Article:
Quill & Quire’s Books for Young People editors share their favourite children’s titles of 2017.
Town Is by the Sea
Joanne Schwartz and Sydney Smith, ill.
“And deep down under that sea, my father is digging for coal,” is the pensive refrain in Joanne Schwartz and Sydney Smith’s note-perfect Town Is by the Sea. A boy’s free-range childhood in Cape Breton is juxtaposed with his father’s days spent working in a mine. Whether the boy is on a swing at the playground, eating a bologna sandwich at his kitchen table, or visiting his grandfather’s grave, the sea is within view – and the idea of his father working beneath it is top of mind. After completely falling under the book’s East Coast spell – gorgeously portrayed in Smith’s delicate illustrations – readers will have the wind knocked out of them by the final lines. –Shanda Deziel
The Marrow Thieves
Dancing Cat Books
Though it follows a fairly standard framework for dystopian YA (it’s the future, the environment has been decimated, a certain segment of the population is in peril, a teen emerges as the unlikely and reluctant hero), Métis author Cherie Dimaline’s The Marrow Thieves is so much more: a complex, devastating, tender, funny, and wise modern allegory. It’s a tapestry of tightly woven threads that recounts the abhorrent historical treatment of Canada’s Indigenous populations and celebrates the very cultures, traditions, and languages colonialism strived so hard to stamp out, all while taking readers on an emotionally resonant, wild ride that stealthily informs as it entertains. –Dory Cerny
Saskatoon poet Katherine Lawrence’s novel in verse is a beautiful work of fiction for middle-grade readers. The touching portrayal of a young girl dealing with a series of potentially devastating events – her parents’ separation, her father’s cancer diagnosis – never falls into melodrama, thanks in large part to the flawlessly rendered 11-year-old narrator. Molly is the backbone of the story, equal parts little girl (one almost as upset by her parents’ continued refusal to let her get a dog as by their marital troubles) and old soul. Laced with humour and tenderness, Stay is a quiet gem deserving of greater attention. –DC
Yak and Dove
Kyo Maclear and Esmé Shapiro, ill.
While I do appreciate Kyo Maclear’s moodier children’s offerings (see: Virginia Wolf), there is simply no denying the charm of her more whimsical fare. This odd-couple tale, with its slightly formal cadence and understated humour, is made even more delightful by Esmé Shapiro’s equally quirky illustrations. It’s funny, visually engaging, and an absolute joy to read aloud. –DC
Kyo Maclear and Kenard Pak, ill.
The Fog shows Maclear’s ability to do both moodiness and whimsy in the same work. The comic efforts of a binocular-toting warbler bird – whose pastime is people-watching – to overturn the dire consequences of climate change on his northern island are at the heart of this evocatively hazy, happy-ending tale. –SD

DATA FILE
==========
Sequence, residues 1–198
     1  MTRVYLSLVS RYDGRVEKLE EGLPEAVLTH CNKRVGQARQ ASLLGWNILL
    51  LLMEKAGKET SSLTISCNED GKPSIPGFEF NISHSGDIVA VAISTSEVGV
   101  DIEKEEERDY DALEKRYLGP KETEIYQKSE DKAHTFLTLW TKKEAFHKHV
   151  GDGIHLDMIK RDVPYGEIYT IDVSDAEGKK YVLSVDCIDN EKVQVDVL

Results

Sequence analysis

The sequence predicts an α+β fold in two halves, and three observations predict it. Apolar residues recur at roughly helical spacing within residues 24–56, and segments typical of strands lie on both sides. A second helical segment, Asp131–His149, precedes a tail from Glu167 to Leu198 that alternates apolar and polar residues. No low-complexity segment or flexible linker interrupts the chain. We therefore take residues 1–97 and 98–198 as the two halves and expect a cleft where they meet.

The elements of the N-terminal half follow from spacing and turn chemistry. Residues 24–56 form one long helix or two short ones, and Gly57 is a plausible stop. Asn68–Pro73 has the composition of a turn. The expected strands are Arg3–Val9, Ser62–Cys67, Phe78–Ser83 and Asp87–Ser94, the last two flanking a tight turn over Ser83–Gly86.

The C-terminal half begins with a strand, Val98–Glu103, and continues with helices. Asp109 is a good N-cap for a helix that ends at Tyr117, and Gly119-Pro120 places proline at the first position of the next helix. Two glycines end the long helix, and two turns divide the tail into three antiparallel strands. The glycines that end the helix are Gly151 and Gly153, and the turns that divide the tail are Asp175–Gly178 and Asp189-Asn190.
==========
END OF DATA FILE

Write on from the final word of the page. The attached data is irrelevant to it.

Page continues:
Fanny Britt and Isabelle Arsenault, ill.
The story of an alcoholic parent wreaking emotional havoc on his family, as seen through the eyes of his 11-year-old son, makes for a gut-wrenching and ultimately beautiful reading experience. The character-driven Louis Undercover is populated with a relatable cast: dysfunctional father, beleaguered mother, sweet younger brother, shy preteen, and the cool bookish girl he’s enamoured with. Writer Fanny Britt and illustrator Isabelle Arsenault – who also collaborated on the award-winning Jane, the Fox and Me – prove they are an incomparable team, taking graphic novels for young people in a whole new direction. –SD
Speaking Our Truth: A Journey to Reconciliation
Monique Gray Smith
Orca Book Publishers
Years from now, historians may look back on this decade as a watershed moment in Canada. With the release of the 2015 Truth and Reconciliation Commission’s report and calls to action, the horrors of the residential school system and the need for reparations and healing were finally, officially acknowledged. Monique Gray Smith’s Speaking Our Truth gives this information to the people who are bound to make the most difference: children. With inclusive language and gentleness, Smith takes readers by the hand and leads them along a path to understanding, opening their eyes to truths perhaps unknown to them while encouraging empathy and calling on them to be agents of change. –DC
Everything Beautiful Is Not Ruined
The Agony of Bun O’Keefe
Penguin Teen Canada
When Planet Earth Was New
James Gladstone and Katherine Diemert, ill.
Sam & Eva
Debbie Ridpath Ohi
Simon & Schuster Books for Young People